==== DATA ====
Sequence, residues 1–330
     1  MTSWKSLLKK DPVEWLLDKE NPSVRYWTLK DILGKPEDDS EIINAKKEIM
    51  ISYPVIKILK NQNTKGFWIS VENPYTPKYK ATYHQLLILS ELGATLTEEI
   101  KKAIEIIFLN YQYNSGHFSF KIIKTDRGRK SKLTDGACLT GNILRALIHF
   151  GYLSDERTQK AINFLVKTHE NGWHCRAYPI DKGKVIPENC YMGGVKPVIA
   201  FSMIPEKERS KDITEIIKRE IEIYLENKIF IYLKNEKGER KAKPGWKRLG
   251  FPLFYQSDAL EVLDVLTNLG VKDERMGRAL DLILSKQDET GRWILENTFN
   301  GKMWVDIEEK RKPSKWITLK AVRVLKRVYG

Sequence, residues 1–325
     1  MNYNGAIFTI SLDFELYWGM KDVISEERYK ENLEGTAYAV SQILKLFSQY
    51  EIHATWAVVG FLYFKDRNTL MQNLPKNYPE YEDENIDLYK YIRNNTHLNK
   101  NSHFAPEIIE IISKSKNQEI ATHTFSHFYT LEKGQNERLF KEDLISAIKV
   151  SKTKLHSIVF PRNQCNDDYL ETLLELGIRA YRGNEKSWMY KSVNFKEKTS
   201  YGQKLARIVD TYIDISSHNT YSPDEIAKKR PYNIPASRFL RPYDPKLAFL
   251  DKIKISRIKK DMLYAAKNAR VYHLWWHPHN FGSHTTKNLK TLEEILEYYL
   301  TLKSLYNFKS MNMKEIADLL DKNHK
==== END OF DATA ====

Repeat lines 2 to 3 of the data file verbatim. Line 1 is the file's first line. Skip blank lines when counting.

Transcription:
     1  MTSWKSLLKK DPVEWLLDKE NPSVRYWTLK DILGKPEDDS EIINAKKEIM
    51  ISYPVIKILK NQNTKGFWIS VENPYTPKYK ATYHQLLILS ELGATLTEEI